Abramoff Scandal's Impact on Indian Country; Native American Author Gabriel Horn on "Contemplations of a Primal Mind"
Abramoff Scandal Rocks Indian Country: Is There Going to be Permanent Damage as a Result?
Disgraced Republican lobbyist Jack Abramoff was sentenced to almost five years in prison in a Miami case for wire fraud and conspiracy in a $147.5 million casino-boat purchase in 2000. For his lead role in orchestrating the use and misuse of between $66 million and $82 million in tribal fees and political contributions, Abramoff has pleaded guilty to the attempted corruption of public officials, among other things. Federal prosecutors praised his cooperation in the Washington case to the Miami court. They have suggested they'll ask for less than the 30-year prison term possible on the Washington charges, contingent on Abramoff's continuing cooperation. We get a report on the latest from Washington. We also look at the scandal's impact on Indian country. David Wilkins discusses American Indian nations' relationship with Washington lobbyists, the issues of sovereignty that are at stake, and mainstream media coverage of the issue. Wilkens recently wrote in a column for Indian Country Today that "Indian nations must end their dependency on non-Indians and instead look to develop a Native crop of strategists, liaisons and lobbyists trained in the values and traditions of their own nations."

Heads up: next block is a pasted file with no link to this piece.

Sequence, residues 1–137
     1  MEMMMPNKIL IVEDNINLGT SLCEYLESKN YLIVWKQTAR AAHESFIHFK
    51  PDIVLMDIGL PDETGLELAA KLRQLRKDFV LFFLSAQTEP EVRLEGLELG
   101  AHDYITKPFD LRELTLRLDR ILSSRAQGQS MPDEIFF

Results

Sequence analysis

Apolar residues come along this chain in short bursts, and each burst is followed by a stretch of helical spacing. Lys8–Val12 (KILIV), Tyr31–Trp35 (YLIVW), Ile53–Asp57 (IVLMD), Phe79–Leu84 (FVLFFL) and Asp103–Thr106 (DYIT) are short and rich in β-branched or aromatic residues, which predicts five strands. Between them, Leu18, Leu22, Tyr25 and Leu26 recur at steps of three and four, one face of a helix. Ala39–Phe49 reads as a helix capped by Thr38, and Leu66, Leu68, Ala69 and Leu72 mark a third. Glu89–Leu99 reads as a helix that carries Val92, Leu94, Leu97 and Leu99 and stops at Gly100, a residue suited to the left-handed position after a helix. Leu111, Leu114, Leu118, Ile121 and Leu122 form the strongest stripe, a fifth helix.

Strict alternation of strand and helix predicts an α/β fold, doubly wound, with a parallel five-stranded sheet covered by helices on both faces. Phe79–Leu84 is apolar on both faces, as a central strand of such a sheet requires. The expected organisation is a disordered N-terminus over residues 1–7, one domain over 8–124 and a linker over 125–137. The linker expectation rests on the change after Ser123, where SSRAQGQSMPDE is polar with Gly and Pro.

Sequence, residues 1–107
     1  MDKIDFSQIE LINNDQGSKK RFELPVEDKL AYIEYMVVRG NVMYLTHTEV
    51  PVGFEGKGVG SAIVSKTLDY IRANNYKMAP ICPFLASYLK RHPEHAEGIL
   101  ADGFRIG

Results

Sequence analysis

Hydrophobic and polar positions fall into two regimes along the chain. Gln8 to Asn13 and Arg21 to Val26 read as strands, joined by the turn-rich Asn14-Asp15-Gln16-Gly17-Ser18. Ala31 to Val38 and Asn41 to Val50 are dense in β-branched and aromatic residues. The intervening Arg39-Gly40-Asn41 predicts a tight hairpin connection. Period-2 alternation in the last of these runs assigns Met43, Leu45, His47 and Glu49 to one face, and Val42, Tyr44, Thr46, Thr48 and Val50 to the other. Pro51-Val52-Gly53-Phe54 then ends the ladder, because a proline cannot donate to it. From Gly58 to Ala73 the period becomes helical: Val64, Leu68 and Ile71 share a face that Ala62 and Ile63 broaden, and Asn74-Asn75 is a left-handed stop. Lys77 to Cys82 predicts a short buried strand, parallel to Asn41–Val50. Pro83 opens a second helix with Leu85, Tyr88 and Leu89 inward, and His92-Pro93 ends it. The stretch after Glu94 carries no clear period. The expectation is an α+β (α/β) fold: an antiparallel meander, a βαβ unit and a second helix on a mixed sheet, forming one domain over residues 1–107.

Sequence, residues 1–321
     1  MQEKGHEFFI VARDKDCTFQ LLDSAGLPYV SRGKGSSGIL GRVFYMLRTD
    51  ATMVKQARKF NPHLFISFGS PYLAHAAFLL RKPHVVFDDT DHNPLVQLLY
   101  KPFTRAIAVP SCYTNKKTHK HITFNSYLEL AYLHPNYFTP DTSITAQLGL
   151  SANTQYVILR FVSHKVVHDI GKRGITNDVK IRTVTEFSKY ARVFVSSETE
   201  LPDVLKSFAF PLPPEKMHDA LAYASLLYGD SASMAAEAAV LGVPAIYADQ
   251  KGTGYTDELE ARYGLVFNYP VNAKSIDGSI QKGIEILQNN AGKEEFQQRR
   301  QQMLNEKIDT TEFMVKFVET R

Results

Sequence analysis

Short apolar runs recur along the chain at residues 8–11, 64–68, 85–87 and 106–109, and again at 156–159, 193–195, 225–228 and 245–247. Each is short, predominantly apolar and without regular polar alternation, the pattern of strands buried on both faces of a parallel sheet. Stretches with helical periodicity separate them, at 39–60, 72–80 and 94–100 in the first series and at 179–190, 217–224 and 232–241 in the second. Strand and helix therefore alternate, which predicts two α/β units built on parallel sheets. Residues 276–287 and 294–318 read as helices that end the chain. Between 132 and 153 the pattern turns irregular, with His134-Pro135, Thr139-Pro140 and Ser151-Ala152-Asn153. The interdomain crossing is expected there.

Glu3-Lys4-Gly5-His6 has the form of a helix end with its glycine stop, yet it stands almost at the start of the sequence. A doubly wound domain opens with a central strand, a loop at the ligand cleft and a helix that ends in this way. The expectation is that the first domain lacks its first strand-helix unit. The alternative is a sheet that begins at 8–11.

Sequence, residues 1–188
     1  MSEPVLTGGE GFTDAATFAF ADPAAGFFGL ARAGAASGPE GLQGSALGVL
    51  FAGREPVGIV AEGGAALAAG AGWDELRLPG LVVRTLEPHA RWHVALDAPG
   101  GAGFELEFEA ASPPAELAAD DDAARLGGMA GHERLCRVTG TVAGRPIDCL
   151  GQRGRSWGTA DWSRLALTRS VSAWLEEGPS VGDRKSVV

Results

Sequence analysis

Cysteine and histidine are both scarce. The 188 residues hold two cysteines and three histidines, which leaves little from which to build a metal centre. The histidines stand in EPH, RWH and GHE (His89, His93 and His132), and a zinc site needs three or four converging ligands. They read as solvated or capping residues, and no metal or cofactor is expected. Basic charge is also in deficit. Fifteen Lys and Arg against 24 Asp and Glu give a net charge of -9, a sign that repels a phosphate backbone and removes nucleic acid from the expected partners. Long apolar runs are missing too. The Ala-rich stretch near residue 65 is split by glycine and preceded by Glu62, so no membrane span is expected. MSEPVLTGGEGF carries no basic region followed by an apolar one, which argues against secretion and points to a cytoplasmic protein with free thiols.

Dr. David E. Wilkins (Lumbee) , professor of American Indian Studies at the University of Minnesota. He holds adjunct appointments in Political Science, Law, and American Studies. His research interests include federal Indian policy and law, comparative indigenous peoples, tribal governments, judicial politics, and tribal-sate relations. He has published several books, including American Indian Politics and the American Political System; The Navajo Political Experience, Uneven Ground: American Indian Sovereignty and Federal Law (with Tsianina Lomawaima); and Tribes, Treaties, and Constitutional Tribulations (with Vine Deloria, Jr.). His articles have appeared in a range of social science, law, historical, and ethic studies journals.
Laura Strickler, a reporter based in Washington for Capitol News Connection with Public Radio International. She has been covering the Abramoff affair for Native American stations as well.
A Discussion with Native American Author Gabriel Horn
He is the author of "The Native American book of Knowledge" and "The Native American Book of Life", as well as "Contemplations of a Primal Mind." He shares his philosophical outlook, highlighting Native Americans' unique connection to Turtle Island (North America) and his struggle to understand Indigenous identity.
Gabriel Horn, a nationally recognized lecturer on Native American philosophy and its connection to the rights of indigenous people, animals, and the welfare of the environment. Horn was one of the original teachers who helped establish the American Indian Movement Survival Schools in Minnesota and is now a professor of writing and literature. Selected for Who’s Who Among America’s Teachers, Horn has written the award-winning Ceremony -- In The Circle of Life, as well as Contemplations of a Primal Mind, The Book of Ceremonies, and the novel Transcendence, co-written with his wife Amy. He lives in Florida near the shores of the Gulf of Mexico.
Activist Alert!: Help Put a Stop to the Commercial Desecration of Bear Butte
Visit the web site www.Matopaha.org to sign the online petition to help stop this desecration. Bear Butte is sacred land in South Dakota for the Lakota. A developer is threatening to build a 600-acre biker bar and concert venue at the base of Bear Butte. Signatures are needed by April 4th to be presented at a public hearing with Commissioners in South Dakota.